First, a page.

This paper tries to explore how contract enforcement was handled in the cross-religious environment of late medieval Christian Valencia, Muslim Granada and North Africa, given the fact that each religious community has usually been assumed to apply their own set of rules through their own community courts.
This talk outlines how archaeologists can reveal the globalised world, with examples from medieval West Africa and the Indian Ocean. What can objects tell us about how our ancestors engaged with their immediate world, and the world beyond?
Test your knowledge and see if you can guess these sites of ancient and medieval Africa
‘The fame of their affair having spread through the different parts of the world, it arrived at the Court of the King of Denmark and Sweden and Norway; and as you see how noble men venture themselves with the desire to see and know such things’
Could one be a good mercenary and a good Christian at the same time?
One of the most important figures in Ethiopian Christianity was the 15th century Emperor Zar’a Ya’eqob.
The Louvre opened its Medieval Morocco: An Empire from Africa to Spain exhibition today, which will feature over 300 artefacts covering the North African kingdom’s history during the later Middle Ages.
By Hailu Kifle-Egzi
Although some scholars see heroism as a characteristic of the whole Germanic tradition, a careful study of Scandinavian literature reveals that this is not the case
Archaeologists hope to unravel the mystery of how coins dating back to the 10th century were found off the shores of Australia.
Examining depictions of Africans in medieval and contemporary Arthurian literature, television and film.
While the political and economic power of Italian states was declining in the Seventeenth Century, Italy’s cultural authority remained influential, especially in the visual arts and, of course, religion, even though Europe had been split into faith-based fragments by the Protestant Reformation after 1517.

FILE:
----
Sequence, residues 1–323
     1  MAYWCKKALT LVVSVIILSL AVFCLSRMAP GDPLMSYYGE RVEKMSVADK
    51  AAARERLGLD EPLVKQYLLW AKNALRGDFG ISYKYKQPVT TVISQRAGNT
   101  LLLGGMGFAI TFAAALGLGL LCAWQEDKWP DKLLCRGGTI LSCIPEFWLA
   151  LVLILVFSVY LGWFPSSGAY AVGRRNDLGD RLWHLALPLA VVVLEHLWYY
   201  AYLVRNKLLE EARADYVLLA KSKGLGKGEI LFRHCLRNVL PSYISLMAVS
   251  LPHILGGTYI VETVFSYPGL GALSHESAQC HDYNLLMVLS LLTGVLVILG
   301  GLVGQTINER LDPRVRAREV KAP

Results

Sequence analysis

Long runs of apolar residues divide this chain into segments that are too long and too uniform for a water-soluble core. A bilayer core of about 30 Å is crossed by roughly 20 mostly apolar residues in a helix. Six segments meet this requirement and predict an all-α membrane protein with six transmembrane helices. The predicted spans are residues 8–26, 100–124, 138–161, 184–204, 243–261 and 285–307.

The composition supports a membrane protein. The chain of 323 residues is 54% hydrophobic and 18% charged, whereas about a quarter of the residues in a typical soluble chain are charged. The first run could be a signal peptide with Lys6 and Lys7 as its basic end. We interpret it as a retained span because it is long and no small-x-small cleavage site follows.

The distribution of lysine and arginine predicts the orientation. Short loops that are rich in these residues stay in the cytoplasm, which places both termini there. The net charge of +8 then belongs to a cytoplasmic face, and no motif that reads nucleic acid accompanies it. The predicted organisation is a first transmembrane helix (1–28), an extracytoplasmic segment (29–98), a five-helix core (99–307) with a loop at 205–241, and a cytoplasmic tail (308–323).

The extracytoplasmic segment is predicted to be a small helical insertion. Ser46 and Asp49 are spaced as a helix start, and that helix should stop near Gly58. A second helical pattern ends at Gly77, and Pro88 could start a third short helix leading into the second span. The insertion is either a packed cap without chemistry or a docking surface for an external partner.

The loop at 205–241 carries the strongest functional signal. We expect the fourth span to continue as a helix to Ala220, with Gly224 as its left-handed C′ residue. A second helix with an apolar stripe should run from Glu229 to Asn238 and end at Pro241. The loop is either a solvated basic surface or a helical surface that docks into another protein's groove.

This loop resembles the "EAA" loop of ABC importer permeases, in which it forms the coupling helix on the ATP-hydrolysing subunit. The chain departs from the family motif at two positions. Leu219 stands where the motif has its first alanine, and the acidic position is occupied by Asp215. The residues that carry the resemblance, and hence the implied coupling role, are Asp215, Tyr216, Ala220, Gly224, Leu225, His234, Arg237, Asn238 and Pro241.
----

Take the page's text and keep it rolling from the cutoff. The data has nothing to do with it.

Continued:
The chief structural features of Africa Minor are simple. The territory consists of a long strip of land bounded on the north by the Mediterranean,on the south by the Sahara, on the east by the Gulf of Tripoli and the Libyan Desert, on the west by the Atlantic.
In 541 a plague arrived in Egypt and rapidly began to spread. The following account of the beginning of the plague, while clearly an exaggeration still shows the impact of the disease.
We postulate that during the Medieval period two widely different sociopolitical contexts existed, giving rise to diverse urban patterns. Most importantly, we argue that the second of these patterns represents a widespread situation that is inadequately treated in the literature.
The year that Christopher Columbus crossed the Atlantic and Isabel and Ferdinand expelled the Jews from Spain, an unheralded event took place. A cartographer in Lisbon, Portugal, drew an amazing map detailing the coasts of Europe, the Mediterranean, the Black Sea, and western Africa.
Recent reconstructions and computer simulations reveal the operating principles of the most powerful weapon of its time
Midway through the first book of his History of the Vandal Persecution, Victor of Vita narrates the story of a Vandal master who deemed it appropriate to allow his two Roman slaves, Martinianus and Maxima, to marry.
For a broader modern audience today, if taken somewhat journalistically, Pusicius’ story is an example that cuts along cultural and religious lines that presumably originate in ancient, political divisions and confirm a “clash of civilizations” thesis.
Why, after a scarcity of elephant ivory in northern Europe during the twelfth century, was there sudden access to such large tusks around 1240?
Because blindness was a major cause of morbidity in the medieval Arab world, as is the case in the developing world today, Arabist physicians developed much exposure to ophthalmological conditions, and nearly every major medical work written at the time had a chapter on diseases of the eye.
While Chaucer‟s knight has traveled to and fought in Spain, North Africa, Eastern Europe, and Asia Minor, Sir John claims to have visited the entire known world from Constantinople and the Holy Land to the farthest reaches of Asia.
According to the Book of Matthew, Jesus said that there were eunuchs made of men, who had made them- selves by their fathers to be that way for heaven’s sake, and if they have received such a procedure, then let them keep it. Jesus referred to castration as an infallible way to achieve celibacy. And records of Christian history indicate that many Christian religious figures were castrated.
By the early fourteenth century, the Mediterranean was approaching maturity as a commercial structure. Various arteries of exchange brought into its scope the full range of European, African and Asian commodities.
Although the Royal Menagerie and its animals are known from documentary records, few physical re- mains survive (O’Regan et al., 2005). Amongst the rare exceptions are two lion skulls that were recovered from the moat of the Tower of London during excava- tions in 1936-1937. These skulls were recently radio- carbon-dated to AD1280-1385 and AD1420-1480.